Koepka, McDowell withdraw from PGA event

Frank Pingue
Brooks Koepka has withdrawn from the Travelers Championship due to COVID-19 concerns

Major champions Brooks Koepka and Graeme McDowell are among those who withdrew from this week's Travelers Championship in Cromwell, Connecticut, after their caddies both tested positive for COVID-19, the PGA Tour said on Wednesday.

World number four Koepka and 2010 US Open winner McDowell, who competed on the PGA Tour the last two weeks, both tested negative but decided to skip the PGA Tour's third tournament back from a COVID-19 hiatus out of caution.

"I don't want to do anything that might jeopardise the health of any player in the field or his ability to compete," said four-times major winner Koepka.

Northern Irishman McDowell had two negative tests this week but considered it prudent to drive straight home since he spent plenty of time with his caddie over the last 10 days and also felt some fatigue and muscle soreness.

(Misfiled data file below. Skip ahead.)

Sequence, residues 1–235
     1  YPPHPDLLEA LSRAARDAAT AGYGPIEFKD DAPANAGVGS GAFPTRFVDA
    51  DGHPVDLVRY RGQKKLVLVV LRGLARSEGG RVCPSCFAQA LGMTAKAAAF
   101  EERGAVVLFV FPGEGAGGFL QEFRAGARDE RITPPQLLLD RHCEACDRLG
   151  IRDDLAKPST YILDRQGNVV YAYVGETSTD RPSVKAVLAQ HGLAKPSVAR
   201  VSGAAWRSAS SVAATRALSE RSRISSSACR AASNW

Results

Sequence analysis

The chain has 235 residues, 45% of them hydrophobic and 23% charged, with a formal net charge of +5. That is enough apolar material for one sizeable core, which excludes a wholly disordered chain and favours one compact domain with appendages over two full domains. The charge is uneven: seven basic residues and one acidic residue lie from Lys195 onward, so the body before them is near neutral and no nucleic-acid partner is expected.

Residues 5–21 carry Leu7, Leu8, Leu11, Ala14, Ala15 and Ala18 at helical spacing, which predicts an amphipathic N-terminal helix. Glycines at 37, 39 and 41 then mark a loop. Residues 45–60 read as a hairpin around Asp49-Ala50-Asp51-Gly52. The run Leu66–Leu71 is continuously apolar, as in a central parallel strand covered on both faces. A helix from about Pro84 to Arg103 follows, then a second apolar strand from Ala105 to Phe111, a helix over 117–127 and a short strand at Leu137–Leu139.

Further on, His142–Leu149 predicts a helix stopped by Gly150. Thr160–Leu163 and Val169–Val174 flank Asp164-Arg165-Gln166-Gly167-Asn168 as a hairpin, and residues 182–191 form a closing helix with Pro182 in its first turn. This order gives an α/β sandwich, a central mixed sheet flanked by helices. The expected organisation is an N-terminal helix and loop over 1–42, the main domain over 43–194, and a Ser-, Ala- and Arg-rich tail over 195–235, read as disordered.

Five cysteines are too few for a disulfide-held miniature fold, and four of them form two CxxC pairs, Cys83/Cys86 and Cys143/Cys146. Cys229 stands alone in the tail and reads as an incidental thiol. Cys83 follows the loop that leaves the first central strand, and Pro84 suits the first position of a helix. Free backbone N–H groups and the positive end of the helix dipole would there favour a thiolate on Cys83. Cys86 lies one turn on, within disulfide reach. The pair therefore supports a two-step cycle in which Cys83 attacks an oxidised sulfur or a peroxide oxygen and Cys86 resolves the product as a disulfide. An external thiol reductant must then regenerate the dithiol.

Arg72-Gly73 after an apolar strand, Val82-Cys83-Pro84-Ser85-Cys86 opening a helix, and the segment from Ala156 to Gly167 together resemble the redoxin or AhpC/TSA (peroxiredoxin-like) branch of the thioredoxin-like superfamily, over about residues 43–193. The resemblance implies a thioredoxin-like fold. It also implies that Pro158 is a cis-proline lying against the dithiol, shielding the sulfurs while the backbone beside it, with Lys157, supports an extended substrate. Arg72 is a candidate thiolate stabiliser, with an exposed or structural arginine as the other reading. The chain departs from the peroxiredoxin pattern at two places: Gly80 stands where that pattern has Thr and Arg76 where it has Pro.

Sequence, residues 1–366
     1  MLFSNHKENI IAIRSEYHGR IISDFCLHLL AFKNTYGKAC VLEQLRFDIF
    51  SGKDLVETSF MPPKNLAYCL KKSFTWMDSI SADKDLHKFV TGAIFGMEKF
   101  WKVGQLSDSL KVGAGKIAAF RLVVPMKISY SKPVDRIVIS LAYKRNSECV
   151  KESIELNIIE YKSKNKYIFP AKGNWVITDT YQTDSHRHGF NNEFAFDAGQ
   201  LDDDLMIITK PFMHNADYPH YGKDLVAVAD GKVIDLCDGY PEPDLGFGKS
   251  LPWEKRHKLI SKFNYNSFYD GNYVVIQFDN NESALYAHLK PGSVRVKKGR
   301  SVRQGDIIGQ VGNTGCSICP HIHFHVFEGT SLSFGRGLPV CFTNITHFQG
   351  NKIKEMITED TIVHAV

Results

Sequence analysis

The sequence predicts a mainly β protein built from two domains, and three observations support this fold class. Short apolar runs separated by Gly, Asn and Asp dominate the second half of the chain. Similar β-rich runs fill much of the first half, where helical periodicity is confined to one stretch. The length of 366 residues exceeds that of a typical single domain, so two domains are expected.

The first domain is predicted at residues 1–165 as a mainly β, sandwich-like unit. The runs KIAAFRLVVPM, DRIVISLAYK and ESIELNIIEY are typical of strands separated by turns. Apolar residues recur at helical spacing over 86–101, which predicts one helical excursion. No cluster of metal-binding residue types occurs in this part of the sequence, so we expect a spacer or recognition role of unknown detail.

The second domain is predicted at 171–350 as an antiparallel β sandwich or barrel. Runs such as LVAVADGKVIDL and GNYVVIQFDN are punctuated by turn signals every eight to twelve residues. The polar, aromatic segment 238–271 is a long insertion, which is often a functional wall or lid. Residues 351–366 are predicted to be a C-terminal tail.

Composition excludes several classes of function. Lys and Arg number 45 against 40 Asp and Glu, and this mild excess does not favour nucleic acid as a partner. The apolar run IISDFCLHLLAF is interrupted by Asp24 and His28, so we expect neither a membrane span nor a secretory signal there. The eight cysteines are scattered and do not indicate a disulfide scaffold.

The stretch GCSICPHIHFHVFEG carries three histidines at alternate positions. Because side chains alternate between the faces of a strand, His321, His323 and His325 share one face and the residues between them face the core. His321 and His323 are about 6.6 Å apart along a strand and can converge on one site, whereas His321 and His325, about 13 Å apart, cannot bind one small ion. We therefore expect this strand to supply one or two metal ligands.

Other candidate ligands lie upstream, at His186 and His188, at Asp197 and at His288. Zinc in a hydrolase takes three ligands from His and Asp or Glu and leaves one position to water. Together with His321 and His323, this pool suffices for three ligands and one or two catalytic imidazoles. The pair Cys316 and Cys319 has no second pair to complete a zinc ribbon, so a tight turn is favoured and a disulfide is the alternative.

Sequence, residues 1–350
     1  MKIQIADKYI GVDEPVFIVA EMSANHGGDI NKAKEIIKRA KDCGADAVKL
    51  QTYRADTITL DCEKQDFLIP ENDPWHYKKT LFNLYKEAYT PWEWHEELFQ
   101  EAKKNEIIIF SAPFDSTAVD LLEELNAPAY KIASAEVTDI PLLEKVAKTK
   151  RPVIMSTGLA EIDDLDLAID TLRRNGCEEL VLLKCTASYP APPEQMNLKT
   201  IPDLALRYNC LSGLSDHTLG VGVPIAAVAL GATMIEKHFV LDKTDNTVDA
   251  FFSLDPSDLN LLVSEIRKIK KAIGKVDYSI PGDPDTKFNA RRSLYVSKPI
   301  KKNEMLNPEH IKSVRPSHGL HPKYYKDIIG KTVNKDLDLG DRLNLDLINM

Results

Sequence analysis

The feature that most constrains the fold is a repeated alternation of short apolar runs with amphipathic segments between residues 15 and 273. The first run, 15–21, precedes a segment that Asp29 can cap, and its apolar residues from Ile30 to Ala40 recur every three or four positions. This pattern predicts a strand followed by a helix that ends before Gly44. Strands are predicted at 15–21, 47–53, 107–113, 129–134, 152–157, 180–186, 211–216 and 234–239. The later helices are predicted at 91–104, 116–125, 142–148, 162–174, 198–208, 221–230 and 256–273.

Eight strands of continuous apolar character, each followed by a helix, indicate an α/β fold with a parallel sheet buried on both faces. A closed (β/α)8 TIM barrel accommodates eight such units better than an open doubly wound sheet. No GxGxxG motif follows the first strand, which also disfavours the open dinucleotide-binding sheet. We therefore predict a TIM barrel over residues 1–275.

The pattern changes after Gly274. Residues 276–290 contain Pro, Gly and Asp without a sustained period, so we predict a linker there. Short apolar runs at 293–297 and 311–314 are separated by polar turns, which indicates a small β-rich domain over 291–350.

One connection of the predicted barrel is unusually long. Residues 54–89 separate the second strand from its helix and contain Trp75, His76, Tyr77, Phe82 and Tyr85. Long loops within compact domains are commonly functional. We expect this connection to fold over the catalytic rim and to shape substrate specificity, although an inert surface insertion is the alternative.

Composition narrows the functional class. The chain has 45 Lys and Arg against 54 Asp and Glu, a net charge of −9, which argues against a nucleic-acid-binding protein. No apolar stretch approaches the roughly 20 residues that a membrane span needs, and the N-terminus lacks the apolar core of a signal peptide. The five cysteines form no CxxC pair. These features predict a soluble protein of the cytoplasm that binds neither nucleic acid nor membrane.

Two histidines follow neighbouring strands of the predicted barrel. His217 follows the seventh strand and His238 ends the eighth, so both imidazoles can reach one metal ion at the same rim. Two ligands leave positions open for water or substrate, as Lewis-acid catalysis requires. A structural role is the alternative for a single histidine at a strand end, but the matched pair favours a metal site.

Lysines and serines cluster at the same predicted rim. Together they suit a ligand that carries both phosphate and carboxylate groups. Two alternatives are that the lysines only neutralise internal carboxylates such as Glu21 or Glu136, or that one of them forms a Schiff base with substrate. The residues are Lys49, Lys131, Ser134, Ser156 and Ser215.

"If there's any chance that I could have it, I am not keen on risking the possibility that I could pass it onto anyone else this week," said McDowell.

"I decided to drive back to Orlando today, versus flying and those risks as well. I'm just going to take the scenic route down the east coast of the USA for 17 hours and increase my knowledge of US geography a bit."

World number five Webb Simpson, fresh off a win in South Carolina, will sit out as a family member tested positive while Koepka's brother Chase, who qualified on Monday, withdrew as he played a practice round this week with Brooks and McDowell.

"While my tests this week were negative, I feel like it is my responsibility to take care of my family and protect my peers in the field by withdrawing from the Travelers Championship," said 2012 US Open champion Simpson.

Cameron Champ withdrew on Tuesday after he became the second PGA Tour golfer in a five-day span to test positive.

The Travelers Championship at TPC River Highlands is the third of five events on the PGA Tour's revamped schedule closed to the public in a bid to help stem the spread of the virus.